We form our conscious sense of vision using the occipital lobe of our cerebrum, the uppermost portion of the brain that has increased in size during mammalian (and independently in bird) evolution. Other vertebrates rely more heavily on other regions of the brain, especially the midbrain, to process sight. We still use a region in the midbrain, the superior colliculi, for visual reflexes and tracking objects with our eyes.
A paper in Current Biology provides the best evidence to date that functionally blind humans can use these more ancient brain regions to “see” their environment – an ability that is called blindsight. The subject in this study, TN, damaged both primary visual cortices during two successive strokes. Lack of activity in these brain regions was confirmed by brain imaging. Amazingly he was still able to navigate an obstacle course, clearly sensing objects in his way.
Proving a negative is always difficult, so the authors go to some effort to convince us that TN truly cannot consciously see. They also argue against the possibility that he is using echolocation to sense the objects in his path and note a previous study on a blind monkey that was able to similarly navigate obastacles. While the authors of this new paper did not identify the brain regions used by TN in the video above, one possibility is that he is relying on his more ancient vertebrate midbrain.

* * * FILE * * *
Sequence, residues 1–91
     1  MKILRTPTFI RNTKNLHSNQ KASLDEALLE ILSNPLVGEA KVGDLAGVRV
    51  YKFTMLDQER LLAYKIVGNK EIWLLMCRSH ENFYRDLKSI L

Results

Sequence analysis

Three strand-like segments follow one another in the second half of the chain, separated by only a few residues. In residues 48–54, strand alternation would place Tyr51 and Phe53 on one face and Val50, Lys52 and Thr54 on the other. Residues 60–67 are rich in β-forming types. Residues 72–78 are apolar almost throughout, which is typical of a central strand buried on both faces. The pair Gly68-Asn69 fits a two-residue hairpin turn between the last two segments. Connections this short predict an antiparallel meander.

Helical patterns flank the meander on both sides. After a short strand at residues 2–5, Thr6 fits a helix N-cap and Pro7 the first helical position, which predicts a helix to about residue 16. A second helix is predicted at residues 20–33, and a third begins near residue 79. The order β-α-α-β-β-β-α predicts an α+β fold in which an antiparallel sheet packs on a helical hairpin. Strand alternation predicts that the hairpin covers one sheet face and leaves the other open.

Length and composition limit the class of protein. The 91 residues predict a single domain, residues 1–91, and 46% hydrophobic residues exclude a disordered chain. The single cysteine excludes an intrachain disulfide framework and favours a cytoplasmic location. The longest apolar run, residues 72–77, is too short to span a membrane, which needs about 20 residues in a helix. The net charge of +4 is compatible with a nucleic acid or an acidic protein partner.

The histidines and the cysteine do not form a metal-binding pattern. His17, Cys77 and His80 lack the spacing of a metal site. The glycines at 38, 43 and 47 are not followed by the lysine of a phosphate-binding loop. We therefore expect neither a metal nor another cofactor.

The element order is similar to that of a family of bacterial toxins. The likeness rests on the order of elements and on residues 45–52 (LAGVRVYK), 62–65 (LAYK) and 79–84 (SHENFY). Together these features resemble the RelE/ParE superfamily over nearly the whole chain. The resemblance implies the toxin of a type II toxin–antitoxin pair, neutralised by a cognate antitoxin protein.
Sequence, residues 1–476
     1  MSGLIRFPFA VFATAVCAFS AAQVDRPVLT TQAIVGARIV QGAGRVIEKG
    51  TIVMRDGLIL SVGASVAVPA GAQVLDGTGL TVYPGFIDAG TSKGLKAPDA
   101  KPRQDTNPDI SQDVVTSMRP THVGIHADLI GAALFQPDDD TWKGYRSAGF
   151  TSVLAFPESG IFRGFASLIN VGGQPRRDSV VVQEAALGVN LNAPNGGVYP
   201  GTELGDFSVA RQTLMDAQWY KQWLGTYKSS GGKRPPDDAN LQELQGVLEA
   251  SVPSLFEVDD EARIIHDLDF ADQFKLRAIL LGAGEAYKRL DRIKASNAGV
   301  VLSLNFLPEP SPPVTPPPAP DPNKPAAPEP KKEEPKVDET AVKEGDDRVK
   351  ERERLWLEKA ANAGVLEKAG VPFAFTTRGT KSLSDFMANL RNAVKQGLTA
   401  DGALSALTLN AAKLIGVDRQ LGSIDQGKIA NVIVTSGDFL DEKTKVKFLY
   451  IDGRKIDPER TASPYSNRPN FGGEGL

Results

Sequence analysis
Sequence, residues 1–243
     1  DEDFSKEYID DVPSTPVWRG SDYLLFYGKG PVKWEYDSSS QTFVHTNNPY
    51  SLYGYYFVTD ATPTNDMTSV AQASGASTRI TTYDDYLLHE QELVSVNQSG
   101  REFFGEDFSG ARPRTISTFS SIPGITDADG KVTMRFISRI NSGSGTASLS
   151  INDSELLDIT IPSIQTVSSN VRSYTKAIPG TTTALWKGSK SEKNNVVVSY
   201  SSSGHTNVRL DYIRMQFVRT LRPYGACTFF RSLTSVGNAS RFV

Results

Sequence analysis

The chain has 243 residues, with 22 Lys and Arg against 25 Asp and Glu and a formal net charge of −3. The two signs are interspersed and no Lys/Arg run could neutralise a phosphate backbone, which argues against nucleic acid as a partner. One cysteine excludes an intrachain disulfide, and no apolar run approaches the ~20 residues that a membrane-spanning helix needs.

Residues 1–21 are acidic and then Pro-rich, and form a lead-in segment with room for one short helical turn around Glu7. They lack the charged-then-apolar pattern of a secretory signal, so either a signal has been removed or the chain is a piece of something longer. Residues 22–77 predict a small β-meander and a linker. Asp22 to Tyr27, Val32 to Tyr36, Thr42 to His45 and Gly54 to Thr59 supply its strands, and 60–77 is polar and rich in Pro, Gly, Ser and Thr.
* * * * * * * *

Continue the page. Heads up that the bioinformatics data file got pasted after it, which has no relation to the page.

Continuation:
The same authors previously showed that TN could also respond to human facial expressions – for example a scary looking face would produce electrical activity in the fear regions of the amygdala. In this case it was not the midbrain, but deeper regions of the cerebrum being used. Both of these studies highlight the complex ways that visual stimuli are processed in the brain.
B DEGELDER, M TAMIETTO, G VANBOXTEL, R GOEBEL, A SAHRAIE, J VANDENSTOCK, B STIENEN, L WEISKRANTZ, A PEGNA (2008). Intact navigation skills after bilateral loss of striate cortex Current Biology, 18 (24) DOI: 10.1016/j.cub.2008.11.002